I'm really struggling with this question, and just need a bit of help. My understanding of the relationships between work-energy is poor so if someone could explain why some of it works, that would be great:
A small model fire engine of mass 0.5kg is on a straight rigid plank, at angle z to the horizontal. It is projected up the plank along a line of greatest slope. Non gravitational resistance to motion is constant and has magnitude R newtons.
When z =20, initial speed = 5m/s and comes to rest after moving 2 metres. Find R to 3s.f.
I'm totally lost so any help or pointers would be really beneficial. Thanks!
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M2 Work, Energy & Power help watch
- Thread Starter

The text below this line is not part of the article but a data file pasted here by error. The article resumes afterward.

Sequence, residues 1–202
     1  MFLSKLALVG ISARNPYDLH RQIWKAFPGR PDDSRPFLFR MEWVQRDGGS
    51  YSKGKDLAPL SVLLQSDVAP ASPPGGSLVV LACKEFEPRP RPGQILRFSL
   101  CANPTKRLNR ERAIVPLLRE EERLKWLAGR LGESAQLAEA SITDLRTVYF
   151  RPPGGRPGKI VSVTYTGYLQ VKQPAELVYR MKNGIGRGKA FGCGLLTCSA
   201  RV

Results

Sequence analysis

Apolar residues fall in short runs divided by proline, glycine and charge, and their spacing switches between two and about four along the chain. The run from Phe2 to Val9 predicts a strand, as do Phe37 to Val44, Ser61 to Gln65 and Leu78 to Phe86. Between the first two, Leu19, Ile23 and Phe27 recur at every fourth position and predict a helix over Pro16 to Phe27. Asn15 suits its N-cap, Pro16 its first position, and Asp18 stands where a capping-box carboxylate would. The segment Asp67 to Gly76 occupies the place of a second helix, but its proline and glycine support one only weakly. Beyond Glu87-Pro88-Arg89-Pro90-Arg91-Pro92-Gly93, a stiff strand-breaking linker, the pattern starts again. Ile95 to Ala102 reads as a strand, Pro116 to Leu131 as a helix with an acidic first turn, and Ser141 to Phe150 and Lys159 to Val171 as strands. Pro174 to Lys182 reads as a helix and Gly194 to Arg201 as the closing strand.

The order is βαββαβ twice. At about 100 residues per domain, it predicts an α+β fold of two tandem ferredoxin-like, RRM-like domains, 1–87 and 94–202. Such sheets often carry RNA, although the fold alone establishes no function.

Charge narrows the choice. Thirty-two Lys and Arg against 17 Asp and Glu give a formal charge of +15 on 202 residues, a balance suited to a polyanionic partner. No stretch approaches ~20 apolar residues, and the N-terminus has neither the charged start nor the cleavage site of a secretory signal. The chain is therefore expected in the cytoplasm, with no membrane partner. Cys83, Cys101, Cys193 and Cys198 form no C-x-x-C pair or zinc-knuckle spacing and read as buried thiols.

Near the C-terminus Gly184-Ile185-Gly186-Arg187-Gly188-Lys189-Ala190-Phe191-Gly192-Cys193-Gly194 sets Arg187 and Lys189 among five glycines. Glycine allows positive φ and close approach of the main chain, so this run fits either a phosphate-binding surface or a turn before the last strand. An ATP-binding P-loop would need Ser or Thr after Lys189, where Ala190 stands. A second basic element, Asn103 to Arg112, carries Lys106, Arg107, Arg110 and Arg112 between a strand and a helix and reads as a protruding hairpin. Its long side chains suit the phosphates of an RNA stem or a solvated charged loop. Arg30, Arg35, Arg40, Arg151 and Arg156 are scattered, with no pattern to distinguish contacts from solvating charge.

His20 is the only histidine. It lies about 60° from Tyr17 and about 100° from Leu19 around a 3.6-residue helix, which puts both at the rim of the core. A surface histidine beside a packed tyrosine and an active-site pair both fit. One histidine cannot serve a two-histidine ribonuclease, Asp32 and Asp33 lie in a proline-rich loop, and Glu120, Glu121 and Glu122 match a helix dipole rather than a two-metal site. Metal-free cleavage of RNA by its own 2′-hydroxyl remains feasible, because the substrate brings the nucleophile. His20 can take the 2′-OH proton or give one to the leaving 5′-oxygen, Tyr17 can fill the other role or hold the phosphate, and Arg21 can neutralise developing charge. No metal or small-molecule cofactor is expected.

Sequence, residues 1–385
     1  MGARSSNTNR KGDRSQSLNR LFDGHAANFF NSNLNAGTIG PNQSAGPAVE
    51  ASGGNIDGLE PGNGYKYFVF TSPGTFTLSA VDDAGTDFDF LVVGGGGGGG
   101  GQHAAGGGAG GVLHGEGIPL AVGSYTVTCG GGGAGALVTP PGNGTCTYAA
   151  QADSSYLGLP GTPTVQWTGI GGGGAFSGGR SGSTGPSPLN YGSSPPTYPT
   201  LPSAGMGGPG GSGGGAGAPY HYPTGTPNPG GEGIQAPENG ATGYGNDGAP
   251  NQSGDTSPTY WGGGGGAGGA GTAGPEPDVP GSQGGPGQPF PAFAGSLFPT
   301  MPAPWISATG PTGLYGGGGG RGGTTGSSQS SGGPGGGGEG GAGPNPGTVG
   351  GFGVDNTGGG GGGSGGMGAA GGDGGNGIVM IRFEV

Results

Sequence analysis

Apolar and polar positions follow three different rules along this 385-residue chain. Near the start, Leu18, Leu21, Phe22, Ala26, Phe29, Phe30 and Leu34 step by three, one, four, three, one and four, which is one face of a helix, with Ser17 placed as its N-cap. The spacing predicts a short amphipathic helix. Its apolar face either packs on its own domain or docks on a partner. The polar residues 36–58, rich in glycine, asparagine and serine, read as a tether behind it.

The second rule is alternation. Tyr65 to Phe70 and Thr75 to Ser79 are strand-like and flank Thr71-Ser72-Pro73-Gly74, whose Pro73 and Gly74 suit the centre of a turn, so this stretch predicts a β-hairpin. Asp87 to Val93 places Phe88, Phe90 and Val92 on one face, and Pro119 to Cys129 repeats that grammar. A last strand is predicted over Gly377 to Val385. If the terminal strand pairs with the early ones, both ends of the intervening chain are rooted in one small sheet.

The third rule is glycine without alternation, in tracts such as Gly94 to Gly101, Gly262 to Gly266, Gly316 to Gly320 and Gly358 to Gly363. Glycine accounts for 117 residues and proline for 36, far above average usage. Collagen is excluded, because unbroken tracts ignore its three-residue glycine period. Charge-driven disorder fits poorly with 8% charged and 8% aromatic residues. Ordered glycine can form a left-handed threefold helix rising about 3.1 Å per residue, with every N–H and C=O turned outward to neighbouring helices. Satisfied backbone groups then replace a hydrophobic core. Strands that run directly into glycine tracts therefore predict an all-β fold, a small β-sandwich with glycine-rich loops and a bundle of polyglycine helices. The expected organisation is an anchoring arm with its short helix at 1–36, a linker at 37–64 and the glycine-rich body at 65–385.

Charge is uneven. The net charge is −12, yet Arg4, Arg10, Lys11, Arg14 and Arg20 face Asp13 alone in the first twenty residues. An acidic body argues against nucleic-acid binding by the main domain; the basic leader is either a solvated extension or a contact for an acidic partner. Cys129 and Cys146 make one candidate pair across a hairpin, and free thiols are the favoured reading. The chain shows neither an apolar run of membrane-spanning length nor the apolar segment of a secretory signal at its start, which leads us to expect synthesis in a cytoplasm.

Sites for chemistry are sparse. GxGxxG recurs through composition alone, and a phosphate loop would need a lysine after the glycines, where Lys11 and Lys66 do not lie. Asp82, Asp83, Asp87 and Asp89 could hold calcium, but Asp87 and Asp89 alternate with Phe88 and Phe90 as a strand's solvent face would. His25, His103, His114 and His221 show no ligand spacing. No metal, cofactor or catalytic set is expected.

- 24-01-2010 11:29
- 24-01-2010 11:36
initial energy = sum of all final energies
calculate work done by gravity, work done by friction, initial and final KE and put those into the above equation and you should be alright
(Original post by toekneeofficial)
- 09-06-2010 02:18
alternatively, you must remember in a mechanical system, which is free to move, and to which the conservation of energy can be applied, positions of equilibrium occur when the potential energy has stationary values.
if the potential energy has a minimum value then the equilibrium is stable and if the potential energy has a maximum value OR a point of inflexion, then the equilibrium is unstable.